The once-intimidating Syndergaard saw his ERA inflate to 6.54 after allowing five runs on seven hits — including three home runs — in Wednesday’s loss to the last-place Nationals.
Dodgers manager Dave Roberts would not say whether Syndergaard would make his next start, and the former All-Star admitted that the mechanical adjustments he has attempted have not been effective.
“It really sucks,” Syndergaard told reporters. “Right now I just feel like I’m the weakest link on this team. I want to go out there and compete and be successful for the other guys in this clubhouse, but it’s just not working out.”
Syndergaard, whose early-career exploits with the Mets earned him the nickname Thor, said he would do anything to once again be a dominant pitcher with a 100 mph fastball.
“I would give my hypothetical firstborn to be the old me again,” he said. “I’ll do anything possible to get back to that. I’m expected to go out there and compete, and today I just fell behind a lot of hitters.”
But Syndergaard has allowed multiple runs in nine consecutive outings — not counting one appearance that lasted only one inning because of injury — and the Dodgers have gone 3-7 in his 10 starts this season. Roberts would not commit to Syndergaard making his next scheduled start next week against the Reds.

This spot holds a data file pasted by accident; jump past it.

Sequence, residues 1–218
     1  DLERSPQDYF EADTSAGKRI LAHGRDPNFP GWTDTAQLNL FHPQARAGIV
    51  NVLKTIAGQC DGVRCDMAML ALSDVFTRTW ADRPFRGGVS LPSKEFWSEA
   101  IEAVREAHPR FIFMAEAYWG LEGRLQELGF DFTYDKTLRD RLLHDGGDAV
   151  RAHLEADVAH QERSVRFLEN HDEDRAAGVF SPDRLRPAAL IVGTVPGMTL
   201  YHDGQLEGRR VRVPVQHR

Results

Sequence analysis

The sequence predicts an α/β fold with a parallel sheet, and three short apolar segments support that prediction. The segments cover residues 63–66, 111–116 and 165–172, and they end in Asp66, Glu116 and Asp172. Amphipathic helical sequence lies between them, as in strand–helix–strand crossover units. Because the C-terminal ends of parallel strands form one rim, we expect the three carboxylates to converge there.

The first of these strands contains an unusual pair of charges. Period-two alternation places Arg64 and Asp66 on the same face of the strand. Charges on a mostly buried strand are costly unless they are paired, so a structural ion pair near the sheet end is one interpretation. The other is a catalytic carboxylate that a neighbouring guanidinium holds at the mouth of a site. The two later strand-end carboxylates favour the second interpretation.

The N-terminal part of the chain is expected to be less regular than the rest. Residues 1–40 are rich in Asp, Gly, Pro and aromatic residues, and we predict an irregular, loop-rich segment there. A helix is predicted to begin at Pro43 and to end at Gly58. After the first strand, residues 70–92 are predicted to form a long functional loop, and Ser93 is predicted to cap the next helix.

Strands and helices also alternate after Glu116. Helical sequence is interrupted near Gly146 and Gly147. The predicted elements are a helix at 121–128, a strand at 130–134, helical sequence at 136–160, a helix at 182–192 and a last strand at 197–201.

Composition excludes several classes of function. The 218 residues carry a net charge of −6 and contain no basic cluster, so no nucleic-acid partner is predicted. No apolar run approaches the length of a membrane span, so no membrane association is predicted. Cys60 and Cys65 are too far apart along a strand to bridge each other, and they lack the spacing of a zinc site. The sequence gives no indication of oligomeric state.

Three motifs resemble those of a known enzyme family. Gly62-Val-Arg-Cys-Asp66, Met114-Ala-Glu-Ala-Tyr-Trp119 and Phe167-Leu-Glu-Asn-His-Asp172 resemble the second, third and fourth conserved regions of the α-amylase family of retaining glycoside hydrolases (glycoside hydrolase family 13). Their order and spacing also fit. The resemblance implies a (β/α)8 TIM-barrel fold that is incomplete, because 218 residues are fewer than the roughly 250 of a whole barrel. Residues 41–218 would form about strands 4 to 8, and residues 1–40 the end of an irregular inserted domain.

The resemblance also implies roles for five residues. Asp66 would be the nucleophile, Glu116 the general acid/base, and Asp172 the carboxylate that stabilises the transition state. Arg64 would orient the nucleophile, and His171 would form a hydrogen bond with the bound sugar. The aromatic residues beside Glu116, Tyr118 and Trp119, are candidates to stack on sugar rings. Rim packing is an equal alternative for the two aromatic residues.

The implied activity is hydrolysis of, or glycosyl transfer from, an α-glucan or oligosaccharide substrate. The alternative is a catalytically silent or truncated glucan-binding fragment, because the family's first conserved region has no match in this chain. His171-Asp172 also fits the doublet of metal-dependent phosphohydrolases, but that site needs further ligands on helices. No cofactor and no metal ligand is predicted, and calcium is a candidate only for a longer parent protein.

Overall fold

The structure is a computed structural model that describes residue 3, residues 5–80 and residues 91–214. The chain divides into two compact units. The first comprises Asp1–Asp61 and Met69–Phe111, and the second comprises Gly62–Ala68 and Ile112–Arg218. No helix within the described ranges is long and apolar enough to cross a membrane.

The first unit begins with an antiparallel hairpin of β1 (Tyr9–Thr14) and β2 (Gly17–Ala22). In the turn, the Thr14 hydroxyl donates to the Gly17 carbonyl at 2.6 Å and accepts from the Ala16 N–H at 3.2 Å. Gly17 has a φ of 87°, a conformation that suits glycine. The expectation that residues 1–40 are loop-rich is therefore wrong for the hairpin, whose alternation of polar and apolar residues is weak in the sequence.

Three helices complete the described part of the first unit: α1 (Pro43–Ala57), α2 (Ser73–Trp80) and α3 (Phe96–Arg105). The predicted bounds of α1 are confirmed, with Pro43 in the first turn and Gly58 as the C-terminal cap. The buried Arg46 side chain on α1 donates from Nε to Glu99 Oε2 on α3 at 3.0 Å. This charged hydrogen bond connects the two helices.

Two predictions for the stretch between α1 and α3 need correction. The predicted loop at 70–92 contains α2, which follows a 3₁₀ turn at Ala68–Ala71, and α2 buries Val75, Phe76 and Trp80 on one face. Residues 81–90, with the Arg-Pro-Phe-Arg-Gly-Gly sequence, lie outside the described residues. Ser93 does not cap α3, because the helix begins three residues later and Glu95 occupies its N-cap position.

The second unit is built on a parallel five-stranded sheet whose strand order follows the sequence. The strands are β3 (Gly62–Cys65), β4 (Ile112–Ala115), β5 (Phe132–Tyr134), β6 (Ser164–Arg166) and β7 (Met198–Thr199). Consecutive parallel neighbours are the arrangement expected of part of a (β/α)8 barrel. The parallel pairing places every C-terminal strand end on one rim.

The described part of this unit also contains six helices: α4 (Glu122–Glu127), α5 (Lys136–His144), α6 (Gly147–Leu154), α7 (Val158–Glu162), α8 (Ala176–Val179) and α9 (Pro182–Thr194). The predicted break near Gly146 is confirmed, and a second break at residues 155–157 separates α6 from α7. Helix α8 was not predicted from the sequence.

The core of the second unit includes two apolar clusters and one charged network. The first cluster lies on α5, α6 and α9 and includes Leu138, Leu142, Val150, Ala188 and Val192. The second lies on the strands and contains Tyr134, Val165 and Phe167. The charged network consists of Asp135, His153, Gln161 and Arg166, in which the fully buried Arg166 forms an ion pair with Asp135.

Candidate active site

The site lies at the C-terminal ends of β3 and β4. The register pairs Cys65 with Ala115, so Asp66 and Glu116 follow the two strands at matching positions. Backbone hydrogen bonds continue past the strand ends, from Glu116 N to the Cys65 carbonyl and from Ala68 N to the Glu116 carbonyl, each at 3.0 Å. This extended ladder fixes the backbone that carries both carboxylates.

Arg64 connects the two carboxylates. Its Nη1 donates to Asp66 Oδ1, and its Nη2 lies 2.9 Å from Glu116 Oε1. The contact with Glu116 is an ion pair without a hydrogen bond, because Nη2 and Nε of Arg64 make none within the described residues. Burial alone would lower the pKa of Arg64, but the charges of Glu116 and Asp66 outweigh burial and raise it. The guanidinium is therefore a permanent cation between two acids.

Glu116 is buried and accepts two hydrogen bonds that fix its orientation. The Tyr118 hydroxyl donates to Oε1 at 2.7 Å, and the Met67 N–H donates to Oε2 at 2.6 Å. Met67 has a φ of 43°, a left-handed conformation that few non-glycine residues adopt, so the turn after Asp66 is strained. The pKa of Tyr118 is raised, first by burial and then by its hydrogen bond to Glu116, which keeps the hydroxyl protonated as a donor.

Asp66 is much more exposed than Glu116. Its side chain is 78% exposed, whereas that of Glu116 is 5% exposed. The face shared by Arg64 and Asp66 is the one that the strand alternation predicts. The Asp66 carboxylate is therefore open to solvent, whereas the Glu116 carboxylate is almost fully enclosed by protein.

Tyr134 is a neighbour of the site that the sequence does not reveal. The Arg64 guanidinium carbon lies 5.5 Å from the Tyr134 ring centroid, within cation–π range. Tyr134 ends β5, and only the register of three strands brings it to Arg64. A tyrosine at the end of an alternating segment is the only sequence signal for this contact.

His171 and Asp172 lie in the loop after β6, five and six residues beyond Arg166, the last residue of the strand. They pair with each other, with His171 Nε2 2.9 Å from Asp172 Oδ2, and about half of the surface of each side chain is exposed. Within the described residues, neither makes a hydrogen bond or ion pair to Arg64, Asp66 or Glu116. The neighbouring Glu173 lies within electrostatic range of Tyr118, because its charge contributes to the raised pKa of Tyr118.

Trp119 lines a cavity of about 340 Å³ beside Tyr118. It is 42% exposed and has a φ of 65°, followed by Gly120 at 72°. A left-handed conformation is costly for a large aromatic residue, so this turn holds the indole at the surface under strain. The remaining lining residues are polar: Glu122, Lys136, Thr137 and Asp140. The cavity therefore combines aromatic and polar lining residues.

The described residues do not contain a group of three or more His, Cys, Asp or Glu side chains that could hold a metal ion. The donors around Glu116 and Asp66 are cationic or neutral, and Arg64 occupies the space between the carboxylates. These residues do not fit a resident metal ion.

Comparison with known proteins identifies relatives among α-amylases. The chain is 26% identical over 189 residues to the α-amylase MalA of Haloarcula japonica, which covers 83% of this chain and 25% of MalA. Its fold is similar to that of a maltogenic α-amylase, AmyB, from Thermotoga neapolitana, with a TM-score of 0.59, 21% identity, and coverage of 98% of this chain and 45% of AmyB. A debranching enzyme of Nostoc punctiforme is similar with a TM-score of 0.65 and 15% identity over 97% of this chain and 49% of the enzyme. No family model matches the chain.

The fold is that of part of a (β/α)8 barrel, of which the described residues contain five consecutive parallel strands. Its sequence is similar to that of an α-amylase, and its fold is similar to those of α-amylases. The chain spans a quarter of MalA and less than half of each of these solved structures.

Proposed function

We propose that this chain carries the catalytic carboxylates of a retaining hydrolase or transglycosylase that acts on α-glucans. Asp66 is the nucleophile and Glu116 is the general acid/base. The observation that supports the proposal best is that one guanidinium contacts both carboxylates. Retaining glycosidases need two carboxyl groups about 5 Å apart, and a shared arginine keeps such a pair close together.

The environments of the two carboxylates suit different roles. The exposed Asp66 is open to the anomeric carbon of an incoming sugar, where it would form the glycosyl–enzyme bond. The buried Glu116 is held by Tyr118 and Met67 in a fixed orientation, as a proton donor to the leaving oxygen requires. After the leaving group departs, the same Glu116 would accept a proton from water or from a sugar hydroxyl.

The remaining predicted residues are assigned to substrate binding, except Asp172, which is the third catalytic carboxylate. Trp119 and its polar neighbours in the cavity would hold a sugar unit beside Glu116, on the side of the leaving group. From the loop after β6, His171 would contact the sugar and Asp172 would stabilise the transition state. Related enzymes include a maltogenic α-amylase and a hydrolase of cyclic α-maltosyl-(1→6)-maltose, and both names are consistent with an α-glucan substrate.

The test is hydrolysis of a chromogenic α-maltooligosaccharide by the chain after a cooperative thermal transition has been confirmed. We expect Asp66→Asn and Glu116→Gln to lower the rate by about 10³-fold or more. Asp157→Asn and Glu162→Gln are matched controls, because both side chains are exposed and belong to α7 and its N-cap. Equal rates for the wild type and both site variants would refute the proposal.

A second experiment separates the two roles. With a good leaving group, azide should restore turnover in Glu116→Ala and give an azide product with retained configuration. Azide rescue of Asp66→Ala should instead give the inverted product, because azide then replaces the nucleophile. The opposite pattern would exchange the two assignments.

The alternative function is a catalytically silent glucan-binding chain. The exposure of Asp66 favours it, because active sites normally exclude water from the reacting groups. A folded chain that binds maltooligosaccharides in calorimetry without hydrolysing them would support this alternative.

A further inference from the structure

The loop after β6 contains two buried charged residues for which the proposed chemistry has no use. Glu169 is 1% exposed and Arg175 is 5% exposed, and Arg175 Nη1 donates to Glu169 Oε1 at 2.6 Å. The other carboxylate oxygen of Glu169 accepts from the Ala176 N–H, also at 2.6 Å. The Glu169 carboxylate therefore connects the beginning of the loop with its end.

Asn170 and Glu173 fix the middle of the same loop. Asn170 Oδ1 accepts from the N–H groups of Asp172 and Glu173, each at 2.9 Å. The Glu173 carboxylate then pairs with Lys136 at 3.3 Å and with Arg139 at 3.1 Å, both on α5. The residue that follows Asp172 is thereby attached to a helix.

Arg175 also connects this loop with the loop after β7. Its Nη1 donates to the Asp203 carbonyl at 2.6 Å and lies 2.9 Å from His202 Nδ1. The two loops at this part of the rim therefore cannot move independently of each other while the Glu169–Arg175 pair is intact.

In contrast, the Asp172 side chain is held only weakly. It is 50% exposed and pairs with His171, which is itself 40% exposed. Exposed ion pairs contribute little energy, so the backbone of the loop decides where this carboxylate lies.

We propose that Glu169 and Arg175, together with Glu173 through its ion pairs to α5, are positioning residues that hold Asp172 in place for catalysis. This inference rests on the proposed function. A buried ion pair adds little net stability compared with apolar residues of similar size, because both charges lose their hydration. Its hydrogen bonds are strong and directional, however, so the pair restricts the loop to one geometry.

“As an organization, we’ve got to continue to figure out which guys give us the best chance to win on a particular day as far as starters,” he said. “I don’t know right now the plan as far as Noah, when he’s going to start next.”
Syndergaard, 30, missed all of 2020 after undergoing Tommy John surgery and has a 4.71 ERA over the past two-plus seasons. The right-hander went 10-10 with a 3.94 ERA last season with the Angels and National League-champion Phillies.
Although the they have two upcoming off-days on their schedule, the first-place Dodgers also are beleaguered by injuries to their starting rotation — including Julio Urias and Dustin May, which could provide some short-term security for Syndergaard. Dodgers star catcher Will Smith acknowledged Syndergaard is “struggling right now” but said he was confident the nine-year veteran will bounce back.
“I know Noah specifically is going to keep working his [behind] off,” Smith said, according to MLB.com. “That’s what he does. No doubt he’ll come back at some point, whether that’s his next start or his start after that. He’s too good of a pitcher not to come back.”
Noah Syndergaard says he is ‘weakest link’ on Dodgers